Thomas Jefferson Papers

James Monroe to Thomas Jefferson, 22 July 1818

From James Monroe

washington July 22. 1818

Dear Sir

I expected long before this to have had the pleasure of seeing you in Albemarle, but the necessity of being here, on the receit of Genl Jackson’s report, of his operations in Florida, & in the expectation of the return of our commissrs from Buenos Ayres, whom I wishd to meet, detaind me in Loudoun till lately, when on the occurrence of both events I returnd to the city.

The occurrence at Pensacola, has been full of difficulty, but without incurring the charge of committing a breach of the Constitution, or of giving to Spain just cause of war, we have endeavour’d to turn it to the best account of our country, & credit of the commanding General. We shall tell the Spanish minister, that the posts will be deliverd up, but that their attack, was owing to the misconduct of the Spanish officers, whose punishment wod be demanded of his govt, and that his govt must keep a strong force in Florida, to enable it to comply with the stipulation of the treaty of 1795, which would be rigorously enacted. The proof of misconduct in the Spanish officers, in stimulating the Indians to make war, furnishing them with munitions of war to carry it on &ca, is very strong. It has appear’d to be altogether improper, to hold the posts, as that would amount to a decided act of hostility, and might be considerd an usurpation of the power of Congress. To go to the other extreme has appeard to be equally improper,1 that is, to bring Genl Jackson to trial, for disobedience of orders, as he acted on facts which were unknown to the govt when his orders were given, many of which indeed occurr’d afterwards; & as his trial, unless he should ask it himself, would be the tryumph of Spain, & confirm her in the disposition not to cede Florida.

I lately transmitted to Mr Madison a copy of a paper, written at Moscow, by order of the Emperor, as the basis of his instructions to his ministers at the allied courts, relative to the differences between Spain & her Colonies, & likewise a copy of a letter which I have written to Generl Jackson, on the subject [men]tiond above, for your joint information. Those papers, will give you full information, on both subjects. I shall leave this to day or tomorrow for Loudoun, whence I shall proceed without delay with my family for Albemarle, where I hope to find you in good health.

with great respect & esteem your friend & servant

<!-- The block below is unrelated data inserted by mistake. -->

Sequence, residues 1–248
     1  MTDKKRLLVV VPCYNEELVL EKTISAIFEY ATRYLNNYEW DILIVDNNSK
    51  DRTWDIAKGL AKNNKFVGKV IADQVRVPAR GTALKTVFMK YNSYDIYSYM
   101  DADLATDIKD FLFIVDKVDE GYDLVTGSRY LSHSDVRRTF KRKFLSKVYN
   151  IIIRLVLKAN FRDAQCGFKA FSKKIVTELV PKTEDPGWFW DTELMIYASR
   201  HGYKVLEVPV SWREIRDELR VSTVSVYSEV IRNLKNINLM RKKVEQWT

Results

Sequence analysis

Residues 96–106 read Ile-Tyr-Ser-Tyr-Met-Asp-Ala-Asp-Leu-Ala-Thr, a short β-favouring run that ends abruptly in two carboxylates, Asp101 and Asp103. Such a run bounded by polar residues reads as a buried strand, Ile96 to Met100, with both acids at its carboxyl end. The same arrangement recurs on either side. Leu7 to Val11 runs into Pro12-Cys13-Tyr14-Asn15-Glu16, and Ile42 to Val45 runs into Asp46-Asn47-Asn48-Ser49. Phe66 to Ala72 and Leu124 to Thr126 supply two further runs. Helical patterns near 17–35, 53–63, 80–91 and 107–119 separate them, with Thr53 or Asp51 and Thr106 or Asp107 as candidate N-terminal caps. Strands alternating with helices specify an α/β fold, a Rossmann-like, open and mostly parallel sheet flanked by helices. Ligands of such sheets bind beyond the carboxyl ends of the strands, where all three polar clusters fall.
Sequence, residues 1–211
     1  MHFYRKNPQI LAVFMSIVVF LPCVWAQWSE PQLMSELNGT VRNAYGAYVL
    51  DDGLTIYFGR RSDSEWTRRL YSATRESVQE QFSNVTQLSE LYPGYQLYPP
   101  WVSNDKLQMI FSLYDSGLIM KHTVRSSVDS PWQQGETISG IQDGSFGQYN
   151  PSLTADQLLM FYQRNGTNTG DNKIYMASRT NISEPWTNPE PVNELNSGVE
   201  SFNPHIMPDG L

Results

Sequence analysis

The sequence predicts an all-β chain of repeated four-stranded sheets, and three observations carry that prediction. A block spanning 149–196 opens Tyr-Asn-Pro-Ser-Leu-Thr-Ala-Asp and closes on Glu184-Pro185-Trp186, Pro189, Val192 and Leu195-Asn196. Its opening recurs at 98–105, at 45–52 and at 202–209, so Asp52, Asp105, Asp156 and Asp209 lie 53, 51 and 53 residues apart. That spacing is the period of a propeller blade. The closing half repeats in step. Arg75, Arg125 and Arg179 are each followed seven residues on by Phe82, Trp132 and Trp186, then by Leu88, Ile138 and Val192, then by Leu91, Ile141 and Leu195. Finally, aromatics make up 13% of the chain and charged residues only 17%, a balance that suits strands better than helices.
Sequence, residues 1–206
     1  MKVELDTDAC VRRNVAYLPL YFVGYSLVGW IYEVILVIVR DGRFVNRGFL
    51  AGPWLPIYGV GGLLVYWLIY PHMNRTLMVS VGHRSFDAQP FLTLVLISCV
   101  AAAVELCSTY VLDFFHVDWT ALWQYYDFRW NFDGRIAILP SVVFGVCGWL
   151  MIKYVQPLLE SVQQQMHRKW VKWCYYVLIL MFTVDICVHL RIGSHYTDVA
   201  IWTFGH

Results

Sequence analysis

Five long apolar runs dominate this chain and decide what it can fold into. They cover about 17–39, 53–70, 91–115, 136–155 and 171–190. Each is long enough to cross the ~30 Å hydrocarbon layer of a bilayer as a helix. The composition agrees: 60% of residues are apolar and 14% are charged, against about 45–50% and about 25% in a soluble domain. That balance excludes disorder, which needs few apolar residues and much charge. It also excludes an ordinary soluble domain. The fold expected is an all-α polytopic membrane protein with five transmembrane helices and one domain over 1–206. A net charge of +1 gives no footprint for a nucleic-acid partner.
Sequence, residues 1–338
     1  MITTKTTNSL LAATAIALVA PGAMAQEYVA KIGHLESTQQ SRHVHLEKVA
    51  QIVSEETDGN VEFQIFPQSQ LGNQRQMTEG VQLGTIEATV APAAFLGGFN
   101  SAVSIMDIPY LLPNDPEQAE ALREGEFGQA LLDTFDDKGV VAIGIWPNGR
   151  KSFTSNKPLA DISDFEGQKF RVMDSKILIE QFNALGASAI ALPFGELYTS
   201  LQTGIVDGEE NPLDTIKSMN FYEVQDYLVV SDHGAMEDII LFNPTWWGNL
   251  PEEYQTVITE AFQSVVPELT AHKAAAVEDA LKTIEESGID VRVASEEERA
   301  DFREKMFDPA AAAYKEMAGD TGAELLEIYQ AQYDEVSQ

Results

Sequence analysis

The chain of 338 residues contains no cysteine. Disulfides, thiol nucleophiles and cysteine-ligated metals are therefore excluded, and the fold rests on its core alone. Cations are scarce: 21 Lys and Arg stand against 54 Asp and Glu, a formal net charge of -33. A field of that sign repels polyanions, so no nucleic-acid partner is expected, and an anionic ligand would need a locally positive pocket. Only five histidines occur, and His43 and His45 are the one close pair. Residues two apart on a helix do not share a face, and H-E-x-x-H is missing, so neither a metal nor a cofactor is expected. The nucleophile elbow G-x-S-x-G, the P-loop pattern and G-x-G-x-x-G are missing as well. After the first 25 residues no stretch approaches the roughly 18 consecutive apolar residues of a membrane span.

James Monroe

RC (DLC); edge chipped; endorsed by TJ as received 30 July 1818 and so recorded in SJL.

The spanish minister was Luis de Onís.

The copy of a paper, written at moscow, by order of the emperor, was a 17 Nov. 1817 “Russian Memorial on the Negotiation relative to the Question of Rio de la Plata, and, in general, on the Pacification of the Colonies; for communication to the interested Courts and to the Cabinets of the Mediating Powers.” It laid out the plan of Emperor Alexander I for negotiations between the monarchs in Madrid and Rio de Janeiro that could return the Rio de la Plata to Spanish control and restore the allegiance of other Latin American colonies to their European rulers (Tr in MHi: Adams Papers, in French, filed with George W. Erving to John Quincy Adams, 26 Feb. 1818; English translation in William R. Manning, ed., Diplomatic Correspondence of the United States Concerning the Independence of the Latin-American Nations [1925], 3:1853–9). Monroe enclosed the document to James Madison on 18 May 1818, and Madison responded three days later (Madison, Papers, Retirement Ser., 1:287–8, 289–90).

The letter which i have written to generl jackson, dated Washington, 19 July 1818, gave Monroe’s reaction to Andrew Jackson’s explanation of his military activities in Pensacola, presented the government’s official position, and explained its future course of action (Jackson, Papers description begins Sam B. Smith, Harold D. Moser, Daniel Feller, and others, eds., The Papers of Andrew Jackson, 1980– , 9 vols. description ends , 4:224–8).

On this date Monroe advised Madison that “I send you a copy of my letter to Genl Jackson, which will unfold to you, our views on the whole subject. I wish you to shew this paper, & the Russian document to Mr Jefferson, in confidence, when you see him” (RC in DLC: Madison Papers; printed in Madison, Papers, Retirement Ser., 1:309).

1Remainder written in a different ink.

Index Entries

  • Alexander I, emperor of Russia; as peace mediator search
  • Congress, U.S.; and foreign affairs search
  • Constitution, U.S.; breach of search
  • Highland (J. Monroe’s Albemarle Co. estate); J. Monroe plans to visit search
  • Jackson, Andrew; Pensacola seized by search
  • Madison, James (1751–1836); works sent to search
  • Monroe, James; letters from search
  • Monroe, James; plans to visit Loudoun Co. search
  • Monroe, James; presidency of search
  • Monroe, James; visits Loudon Co. search
  • Onís y González Vara López y Gómez, Luis de; minister plenipotentiary of Spain search
  • Pensacola, W. Fla.; seized by A. Jackson search
  • San Lorenzo, Treaty of (1795) search
  • South America; republics in search
  • South America; U.S. commission to search
  • Spain; and U.S. search
  • Spain; colonies of search
  • United Provinces of South America; independence of search
  • United Provinces of South America; U.S. commissioners to search
  • United States; and Spain search